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8-Humans: First GE human embryonic stem cells produced

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TITLE:  Scientists Replace Stem Cell Genes
SOURCE: The Washington Post, USA, by Rick Weiss
DATE:   Feb 10, 2003

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Scientists Replace Stem Cell Genes

Scientists working with human embryonic stem cells have for the first
time successfully spliced out individual genes from the medically
promising but politically contentious cells and substituted different
genes in their place.

The work is a step toward the biomedical goal of being able to rebuild or
regenerate parts of the human body by transplanting either stem cells or
tissues grown from stem cells into patients, scientists said. Precise
genetic changes in those formative human cells might enhance their
therapeutic potential or make them more compatible with patients' immune

Some scientists suggested the success might someday make it unnecessary
to pursue "therapeutic cloning," in which cloned embryos would be created
as a source of therapeutic tissues that match the genetic signature of
the patient.

But the work could escalate concerns among those who fear that stem cell
technology will lead to the creation of "designer babies."

Applying genetic engineering techniques to humans is "defensible as long
as it's used to cure diseases, but we have to be aware that techniques
like these can be abused, too," said John Robertson, a bioethicist at the
University of Texas School of Law.

The new work, published in today's issue of the journal Nature
Biotechnology, resembles similar studies decades ago in mice. That was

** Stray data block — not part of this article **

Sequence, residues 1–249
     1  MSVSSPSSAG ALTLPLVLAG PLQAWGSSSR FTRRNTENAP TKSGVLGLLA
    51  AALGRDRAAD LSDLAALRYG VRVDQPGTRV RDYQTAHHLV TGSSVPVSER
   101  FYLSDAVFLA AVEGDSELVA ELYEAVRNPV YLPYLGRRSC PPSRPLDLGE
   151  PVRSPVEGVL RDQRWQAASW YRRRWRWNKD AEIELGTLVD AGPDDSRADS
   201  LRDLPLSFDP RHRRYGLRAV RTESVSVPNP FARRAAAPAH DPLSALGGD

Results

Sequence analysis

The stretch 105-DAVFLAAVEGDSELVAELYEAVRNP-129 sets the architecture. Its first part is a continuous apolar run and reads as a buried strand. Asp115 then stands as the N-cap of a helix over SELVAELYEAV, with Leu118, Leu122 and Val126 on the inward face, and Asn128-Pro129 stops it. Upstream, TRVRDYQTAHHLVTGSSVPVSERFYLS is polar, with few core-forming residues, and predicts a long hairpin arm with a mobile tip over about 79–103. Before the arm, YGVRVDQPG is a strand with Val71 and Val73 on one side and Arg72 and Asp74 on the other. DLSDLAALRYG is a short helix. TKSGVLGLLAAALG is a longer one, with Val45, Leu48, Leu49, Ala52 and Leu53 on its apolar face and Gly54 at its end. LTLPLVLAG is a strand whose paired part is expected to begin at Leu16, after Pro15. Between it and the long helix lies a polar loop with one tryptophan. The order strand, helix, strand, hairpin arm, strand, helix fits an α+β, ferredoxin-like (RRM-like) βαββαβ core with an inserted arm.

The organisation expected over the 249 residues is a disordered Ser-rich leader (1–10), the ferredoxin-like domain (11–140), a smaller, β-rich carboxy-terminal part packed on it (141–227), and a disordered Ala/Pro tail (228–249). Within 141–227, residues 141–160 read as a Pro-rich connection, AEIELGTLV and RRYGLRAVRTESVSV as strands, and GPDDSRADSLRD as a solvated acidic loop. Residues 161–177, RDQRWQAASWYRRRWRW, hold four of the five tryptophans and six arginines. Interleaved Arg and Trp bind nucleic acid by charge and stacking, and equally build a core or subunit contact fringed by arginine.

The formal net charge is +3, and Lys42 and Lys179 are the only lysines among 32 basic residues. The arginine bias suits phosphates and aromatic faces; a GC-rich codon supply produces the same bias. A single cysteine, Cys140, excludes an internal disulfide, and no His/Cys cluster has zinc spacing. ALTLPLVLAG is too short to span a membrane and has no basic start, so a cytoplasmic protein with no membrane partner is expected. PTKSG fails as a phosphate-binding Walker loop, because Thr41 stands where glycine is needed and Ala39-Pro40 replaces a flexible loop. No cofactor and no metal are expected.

when scientists discovered how to "knock out" and replace individual
genes in mouse embryo cells.

The technique, called homologous recombination, revolutionized molecular
and cellular biology.

By growing animals with those precise genetic changes and seeing what
went wrong as they developed, scientists could start to see what
individual genes did. They also were able to replace "broken" genes in
mouse embryos.

The work with human embryonic stem cells was done by University of
Wisconsin researcher James A. Thomson, the scientist who discovered the
cells in 1998, and his colleague Thomas P. Zwaka.

They used electrical charges and chemicals to make the cells' membranes
porous enough to allow the cells to take in customized genes. Under
proper conditions, the new genes find and replace their counterparts in
the cell DNA.

In one experiment, they knocked out a gene that in humans causes Lesch-
Nyhan syndrome, a rare and fatal genetic disease. They said they hope
such work can shed light on the molecular underpinnings of the disease
and perhaps someday lead to cures. But others noted that just because a
broken cell can be fixed does not mean a cure will be forthcoming soon.

Despite years of efforts, Johns Hopkins University stem cell researcher
John Gearhart said, scientists have not been able to make lines of mouse
stem cells that are compatible in all mice.

He suggested that therapeutic cloning research, controversial though it
is, will remain important in the search for treatments for human disease.